SCHOOL-BASED WATER, SANITAITON AND HYGIENE (WASH) INITIATIVE
School-Based Water, Sanitation and Hygiene (WASH) initiative
“I really thank this WASH program for teaching us the basic things about how we as girls can handle our menstruation and to understand how our bodies work. I started with my periods last year and I did not really know much about it at that time. It somehow came as a surprise. Because of this program, we also now can be given pads at school in case if menstruation starts and the girl did not have any pads with her.”
14 year old girl, Bagani Combined School, Kavango East region, 2016
With support from UNICEF, the interventions on Water, Hygiene and Sanitation (WASH) was implemented in close collaboration with the Ministry of Education, Arts and Culture and the multi-sectoral support from the Water Sanitation and Hygiene in School (WinS) steering committee. The project was implemented in March 2015 – April 2016 in 100 schools across 7 regions namely, Zambezi, Kavango West, Kavango East, Ohangwena, Omusati, Oshana, and Oshikoto. Although funding for this initiative ceased in 2016, SFH continued to follow up with selected schools to ensure that hygiene conditions and practices and maintained.
The project was designed to address needs identified based on a Needs Assessment on WASH in schools led by SFH and partners in 2013/14 which found that one quarter (25%) of the total number of 420 schools surveyed have water piped into the school buildings. Other findings were summarized as follow:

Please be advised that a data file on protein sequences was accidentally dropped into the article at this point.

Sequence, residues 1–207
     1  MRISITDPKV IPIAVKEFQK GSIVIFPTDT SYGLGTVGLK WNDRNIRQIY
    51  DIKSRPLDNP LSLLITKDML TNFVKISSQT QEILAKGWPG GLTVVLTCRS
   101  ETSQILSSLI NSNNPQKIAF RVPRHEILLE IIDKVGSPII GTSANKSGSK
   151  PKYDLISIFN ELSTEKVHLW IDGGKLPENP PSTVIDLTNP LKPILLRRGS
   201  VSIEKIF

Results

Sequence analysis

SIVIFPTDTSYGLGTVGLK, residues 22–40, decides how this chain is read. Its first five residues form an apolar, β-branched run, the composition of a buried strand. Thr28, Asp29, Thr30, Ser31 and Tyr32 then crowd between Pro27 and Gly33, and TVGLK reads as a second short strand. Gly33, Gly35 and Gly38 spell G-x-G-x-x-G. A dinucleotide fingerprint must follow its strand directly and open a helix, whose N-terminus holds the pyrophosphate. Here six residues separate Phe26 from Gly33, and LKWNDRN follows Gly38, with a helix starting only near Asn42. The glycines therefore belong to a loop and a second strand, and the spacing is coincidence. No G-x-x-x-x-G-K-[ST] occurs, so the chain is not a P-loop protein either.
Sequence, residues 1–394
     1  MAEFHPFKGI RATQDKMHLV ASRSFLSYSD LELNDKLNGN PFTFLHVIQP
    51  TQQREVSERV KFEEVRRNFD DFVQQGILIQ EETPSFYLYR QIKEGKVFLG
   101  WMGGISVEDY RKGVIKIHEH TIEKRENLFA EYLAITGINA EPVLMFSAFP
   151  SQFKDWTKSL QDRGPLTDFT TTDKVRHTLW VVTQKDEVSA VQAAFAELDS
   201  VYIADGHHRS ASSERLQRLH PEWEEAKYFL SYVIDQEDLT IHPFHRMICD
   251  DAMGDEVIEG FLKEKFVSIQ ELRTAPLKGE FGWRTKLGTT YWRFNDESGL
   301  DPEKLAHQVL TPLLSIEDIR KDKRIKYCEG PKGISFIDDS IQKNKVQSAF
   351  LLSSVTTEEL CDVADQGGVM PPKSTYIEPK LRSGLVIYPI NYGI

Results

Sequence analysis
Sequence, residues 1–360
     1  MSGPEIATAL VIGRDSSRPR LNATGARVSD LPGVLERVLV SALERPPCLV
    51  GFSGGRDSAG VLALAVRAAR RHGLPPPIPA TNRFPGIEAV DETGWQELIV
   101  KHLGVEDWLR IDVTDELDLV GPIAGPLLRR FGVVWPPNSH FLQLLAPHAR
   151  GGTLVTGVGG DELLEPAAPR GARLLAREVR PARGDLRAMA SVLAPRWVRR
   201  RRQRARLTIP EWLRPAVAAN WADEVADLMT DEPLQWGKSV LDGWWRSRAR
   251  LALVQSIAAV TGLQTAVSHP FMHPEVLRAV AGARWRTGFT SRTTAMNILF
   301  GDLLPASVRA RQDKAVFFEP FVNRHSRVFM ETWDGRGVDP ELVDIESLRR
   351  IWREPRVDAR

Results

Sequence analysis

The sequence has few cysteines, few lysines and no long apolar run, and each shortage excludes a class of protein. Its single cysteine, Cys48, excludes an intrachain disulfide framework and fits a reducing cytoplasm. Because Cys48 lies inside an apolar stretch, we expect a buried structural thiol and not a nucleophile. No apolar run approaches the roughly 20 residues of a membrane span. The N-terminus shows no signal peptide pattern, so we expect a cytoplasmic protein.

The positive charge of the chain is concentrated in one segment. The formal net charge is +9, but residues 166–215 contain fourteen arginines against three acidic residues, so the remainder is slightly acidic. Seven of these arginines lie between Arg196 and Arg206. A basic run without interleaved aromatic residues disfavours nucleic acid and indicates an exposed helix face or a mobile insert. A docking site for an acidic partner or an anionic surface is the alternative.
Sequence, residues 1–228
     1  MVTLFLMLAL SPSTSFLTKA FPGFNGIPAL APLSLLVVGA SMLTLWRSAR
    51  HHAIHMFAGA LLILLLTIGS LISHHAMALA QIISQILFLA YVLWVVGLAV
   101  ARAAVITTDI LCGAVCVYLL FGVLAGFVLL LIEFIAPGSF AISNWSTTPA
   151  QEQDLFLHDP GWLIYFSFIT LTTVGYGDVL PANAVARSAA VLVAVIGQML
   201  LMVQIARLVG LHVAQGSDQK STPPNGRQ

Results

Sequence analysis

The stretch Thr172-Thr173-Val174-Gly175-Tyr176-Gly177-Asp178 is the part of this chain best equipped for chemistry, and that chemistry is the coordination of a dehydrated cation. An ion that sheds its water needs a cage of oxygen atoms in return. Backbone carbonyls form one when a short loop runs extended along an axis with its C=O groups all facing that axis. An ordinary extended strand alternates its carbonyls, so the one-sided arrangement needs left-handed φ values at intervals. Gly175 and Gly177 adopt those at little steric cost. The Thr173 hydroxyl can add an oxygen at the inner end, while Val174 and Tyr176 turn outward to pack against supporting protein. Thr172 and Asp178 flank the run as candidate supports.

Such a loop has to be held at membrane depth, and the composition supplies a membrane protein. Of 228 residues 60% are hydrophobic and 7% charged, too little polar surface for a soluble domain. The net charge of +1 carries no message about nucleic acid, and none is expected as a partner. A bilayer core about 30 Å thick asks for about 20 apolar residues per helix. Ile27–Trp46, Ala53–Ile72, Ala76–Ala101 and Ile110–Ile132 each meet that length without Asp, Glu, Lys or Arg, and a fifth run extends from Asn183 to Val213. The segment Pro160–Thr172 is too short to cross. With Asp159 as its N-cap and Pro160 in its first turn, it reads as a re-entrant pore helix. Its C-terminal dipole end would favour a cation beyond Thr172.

Why working with school learners on basic hygiene and sanitation is essential:
The overall goal of the project was to promote hygiene and sanitation practices in schools with the objectives to:
The 100 participating schools were drawn from 7 regions as follow: Omusati region (17), Ohangwena region (17), Kavango East (18) and West (15) region, Zambezi region (17), Oshana region (9) and Oshikoto region (7). These are the regions with low performing indicators on sanitation, safe water supply and prone to floods. 47 schools among the 100 schools were previously supported through the MCA-N WinS project.
At school level, community facilitators provide a series of “mini workshops/sessions” to the WASH club members and surrounding communities on the importance of WASH and how to design different activities to attract the attention of other learners.
Schools have established WASH clubs, that consist of at least 25 learners linked to the focal teachers and their primary duty was to promote WASH activities at the school level. This is carried out through WASH information sharing, performance of songs, drama, and holding cleaning campaigns in schools. These activities created awareness and drew larger groups of learners to the WASH club events.
Participants, were trained on the content of the WASH Training Guide for Teachers and how to use it. The purpose of the
Guide is to assist teachers in promoting positive behaviour change of lea
rners through increasing their knowledge,
skills and practices with regards to the WASH themes, namely water, sanitation and hygiene.
Teachers are expected to help learners practice basic hygiene principles and applying them in different situations and settings including menstrual hygiene and personal cleanliness. They also learned how to keep their environment safe, clean and hygienic through managing the different types of waste material properly.
Highlights of Achievements:
SFH programme Officer at a follow up visit at Ondjora
Combine School in the Oshana region. Here she is seen
assessing safe water usage with a learner.]
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